So the headlines, then, are pretty grim. If we believe the titles of all these articles, my child should be so developmentally challenged that he is trying to breathe through his own eyeballs. He isn’t, in case anyone is in any doubt.

These headlines aren’t constructed to inform you about the latest scientific developments. News sites have a vested interest in getting lots of hits, because it pushes their content up Google’s search algorithm, so it’s in their best interests to pump out as many clickable (dare I say, “clickbaity”) article titles to make sure they get lots of traffic. They make a lot of money off their advertising revenue, as well, and they want as many eyes as possible on those adverts.

It’s funny how the more drama-y and sensationalist an article is, the less important the issue is, in the grand scheme of things.

So what makes people click on these articles? Human interest. The vast majority of parents want the very best for their child. When they see something that claims to warn them of the dangers of something they let their kids do, they will click on it. Other people with a vested interest in a child, such as aunts, grandparents, or friends, will also click on these articles, thinking they can “warn” the hapless parents before they accidentally turn their baby’s brain to jelly with the old 60 inch plasma Radiation Queen. The news outlets manipulate you and play on your fears to try and make you read their articles. They don’t actually care if you believe the article or not. Every click means more people seeing the adverts that pay for the news sites to stay profitable. And no one is easier to manipulate and scare than first time parents, so articles targeting their worries and magnifying them are big money for news sites.

It’s an old news article that basically goes around and around and has done since television was invented. Before that, there were fears about radios damaging children (which is now being reported again but the hysteria is linked to baby monitors, instead). In its current form, a fear of baby monitors being dangerous, the story isn’t as newsworthy as fears surrounding screen time. Video (news) killed the radio (news) star. Before that? Well you only have to read Anne of Green Gables or Little Women to see the Victorians feared that reading books as a child would ruin your eyes.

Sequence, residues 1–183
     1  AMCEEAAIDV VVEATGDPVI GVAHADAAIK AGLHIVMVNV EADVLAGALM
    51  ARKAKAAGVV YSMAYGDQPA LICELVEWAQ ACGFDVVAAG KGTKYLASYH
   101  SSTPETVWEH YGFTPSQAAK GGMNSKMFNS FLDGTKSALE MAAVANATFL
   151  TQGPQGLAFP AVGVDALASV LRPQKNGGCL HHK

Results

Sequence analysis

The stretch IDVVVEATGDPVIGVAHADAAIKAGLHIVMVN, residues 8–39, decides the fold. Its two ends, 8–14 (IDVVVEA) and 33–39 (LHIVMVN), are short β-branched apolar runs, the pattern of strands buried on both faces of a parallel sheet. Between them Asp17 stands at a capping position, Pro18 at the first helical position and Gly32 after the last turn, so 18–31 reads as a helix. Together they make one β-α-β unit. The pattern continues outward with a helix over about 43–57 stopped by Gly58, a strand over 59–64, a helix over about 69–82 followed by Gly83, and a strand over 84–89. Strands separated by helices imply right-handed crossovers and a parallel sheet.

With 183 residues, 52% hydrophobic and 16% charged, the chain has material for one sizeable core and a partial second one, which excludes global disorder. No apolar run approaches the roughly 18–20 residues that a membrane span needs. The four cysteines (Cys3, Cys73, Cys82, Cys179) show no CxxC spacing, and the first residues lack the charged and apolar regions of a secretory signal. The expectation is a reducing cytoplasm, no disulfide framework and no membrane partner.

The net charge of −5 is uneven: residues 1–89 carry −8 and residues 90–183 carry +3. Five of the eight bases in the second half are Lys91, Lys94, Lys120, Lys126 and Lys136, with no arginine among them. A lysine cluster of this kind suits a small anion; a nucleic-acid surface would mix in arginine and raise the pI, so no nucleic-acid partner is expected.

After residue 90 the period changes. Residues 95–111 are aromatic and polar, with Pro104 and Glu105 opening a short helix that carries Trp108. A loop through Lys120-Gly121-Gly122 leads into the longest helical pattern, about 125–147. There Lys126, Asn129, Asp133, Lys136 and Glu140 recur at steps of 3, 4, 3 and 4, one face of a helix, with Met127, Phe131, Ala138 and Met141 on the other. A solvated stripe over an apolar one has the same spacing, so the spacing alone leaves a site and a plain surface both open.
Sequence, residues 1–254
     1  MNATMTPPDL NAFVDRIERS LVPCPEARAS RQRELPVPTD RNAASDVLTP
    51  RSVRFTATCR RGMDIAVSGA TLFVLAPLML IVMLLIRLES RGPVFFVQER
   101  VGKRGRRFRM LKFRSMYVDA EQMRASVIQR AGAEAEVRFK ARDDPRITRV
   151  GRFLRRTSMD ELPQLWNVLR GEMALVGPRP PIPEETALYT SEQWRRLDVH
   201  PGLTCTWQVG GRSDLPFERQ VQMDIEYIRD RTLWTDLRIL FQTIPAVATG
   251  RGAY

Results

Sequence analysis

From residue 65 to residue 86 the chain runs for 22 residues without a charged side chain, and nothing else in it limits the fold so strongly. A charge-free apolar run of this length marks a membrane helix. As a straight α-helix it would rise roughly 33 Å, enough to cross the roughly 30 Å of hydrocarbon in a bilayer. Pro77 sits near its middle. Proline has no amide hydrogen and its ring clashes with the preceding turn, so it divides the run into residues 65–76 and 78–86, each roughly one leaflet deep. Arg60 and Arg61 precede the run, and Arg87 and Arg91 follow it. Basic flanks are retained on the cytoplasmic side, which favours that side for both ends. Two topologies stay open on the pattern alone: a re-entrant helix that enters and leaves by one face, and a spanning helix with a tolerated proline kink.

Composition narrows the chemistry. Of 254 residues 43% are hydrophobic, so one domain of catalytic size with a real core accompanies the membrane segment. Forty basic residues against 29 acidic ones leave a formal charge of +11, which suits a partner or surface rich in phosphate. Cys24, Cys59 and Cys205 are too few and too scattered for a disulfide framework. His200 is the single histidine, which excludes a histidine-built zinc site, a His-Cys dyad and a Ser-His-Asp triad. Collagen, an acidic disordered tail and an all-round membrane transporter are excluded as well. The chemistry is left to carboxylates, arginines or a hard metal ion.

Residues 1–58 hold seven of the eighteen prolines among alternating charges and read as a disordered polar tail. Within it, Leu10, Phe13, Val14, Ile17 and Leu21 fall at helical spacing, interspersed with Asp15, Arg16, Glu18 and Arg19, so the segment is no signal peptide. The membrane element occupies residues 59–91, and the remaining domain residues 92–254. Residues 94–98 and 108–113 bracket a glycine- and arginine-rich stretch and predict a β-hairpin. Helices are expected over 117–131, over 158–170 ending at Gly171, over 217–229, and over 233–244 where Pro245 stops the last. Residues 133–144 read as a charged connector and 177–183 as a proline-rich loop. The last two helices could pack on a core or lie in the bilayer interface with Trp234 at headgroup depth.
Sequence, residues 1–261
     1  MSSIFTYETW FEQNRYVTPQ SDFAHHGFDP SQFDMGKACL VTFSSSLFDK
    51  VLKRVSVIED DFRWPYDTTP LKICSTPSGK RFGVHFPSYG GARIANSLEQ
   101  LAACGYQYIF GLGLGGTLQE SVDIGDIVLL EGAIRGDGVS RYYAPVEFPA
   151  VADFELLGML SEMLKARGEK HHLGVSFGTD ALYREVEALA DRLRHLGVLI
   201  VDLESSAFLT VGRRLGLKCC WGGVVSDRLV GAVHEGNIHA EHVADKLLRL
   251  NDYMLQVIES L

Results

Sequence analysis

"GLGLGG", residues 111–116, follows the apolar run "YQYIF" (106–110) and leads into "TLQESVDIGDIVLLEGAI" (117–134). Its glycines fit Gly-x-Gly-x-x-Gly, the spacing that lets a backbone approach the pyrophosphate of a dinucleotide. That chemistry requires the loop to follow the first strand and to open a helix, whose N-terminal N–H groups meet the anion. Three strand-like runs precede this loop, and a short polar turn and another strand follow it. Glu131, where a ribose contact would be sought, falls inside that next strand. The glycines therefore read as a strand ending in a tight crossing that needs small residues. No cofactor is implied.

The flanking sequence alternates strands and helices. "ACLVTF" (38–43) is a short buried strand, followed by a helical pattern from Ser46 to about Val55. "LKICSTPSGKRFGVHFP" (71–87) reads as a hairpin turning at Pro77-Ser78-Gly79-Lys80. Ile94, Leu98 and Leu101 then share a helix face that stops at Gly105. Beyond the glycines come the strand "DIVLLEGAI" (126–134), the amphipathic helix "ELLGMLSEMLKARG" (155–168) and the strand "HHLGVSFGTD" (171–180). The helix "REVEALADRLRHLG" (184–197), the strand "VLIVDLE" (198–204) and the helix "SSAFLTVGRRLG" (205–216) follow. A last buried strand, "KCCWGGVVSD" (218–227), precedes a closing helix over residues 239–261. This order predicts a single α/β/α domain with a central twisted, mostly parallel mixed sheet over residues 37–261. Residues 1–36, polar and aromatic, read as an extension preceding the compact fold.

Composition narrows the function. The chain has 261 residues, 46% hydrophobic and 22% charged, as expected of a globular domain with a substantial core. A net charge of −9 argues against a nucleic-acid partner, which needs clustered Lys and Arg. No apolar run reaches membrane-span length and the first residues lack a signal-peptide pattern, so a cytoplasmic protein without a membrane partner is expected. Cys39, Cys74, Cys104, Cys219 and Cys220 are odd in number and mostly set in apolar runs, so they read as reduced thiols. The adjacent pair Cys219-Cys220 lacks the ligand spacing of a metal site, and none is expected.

It’s a pretty common comment for an adult to make to a child (or about a child) in Victorian literature. There were even studies done by Victorian scientists where they claimed that too much schoolwork caused children’s eyes to “weaken”. This study from 1885 even goes so far as to claim that, since working-class children were more at risk of this than middle class children (the author’s test results being separated into grammar schools and secondary schools), they ought to send working-class children to special schools where they weren’t slowing down the rest of the class with their “weak eyes”.

He also claimed that less intelligent children were more at risk of eye damage than more intelligent children, evidenced by the fact that children with “good eyes” did better at school and were therefore more intelligent. This is a perfect illustration of the problem with any scientific research that only looks for correlation between two variables. Correlation doesn’t imply causality. We know, for example, that lung cancer doesn’t cause smoking. Additionally, the class bias against working class children is still a huge issue, and working class parents are more likely to put their kids in front of the TV because they don’t have the time or money to entertain them any other way.

Sadly, the same nonsense about reading damaging eyes is currently doing the rounds in East Asia, as this article shows, and still nobody has questioned the glaring problem with correlating glasses-wearing and children who read more, which is that children who read less might have undiagnosed and uncorrected eye problems (or refusing to wear glasses, families can’t afford eye tests etc) that is skewing the results.

Hold that whole concept in your mind while we look at what the articles believe to be the danger of screen time more deeply, because it all stems from the same insecurity.

First let’s tackle the BBC article I mentioned above: “No sedentary screen time for babies, WHO says.” This article has absolutely nothing to do with any dangers from the screen time itself, and can be boiled down to “sitting still makes children obese.” So from that point of view, including healthy diet and exercise in your day is a better solution than banning televisions. But as I’ve noted earlier on, that doesn’t get people to click. In the BBC’s case, while they don’t have advertising revenue to worry about, they still have to justify (to the government) the level of funding they get. So the clicky title is basically just a spin on “children need exercise”.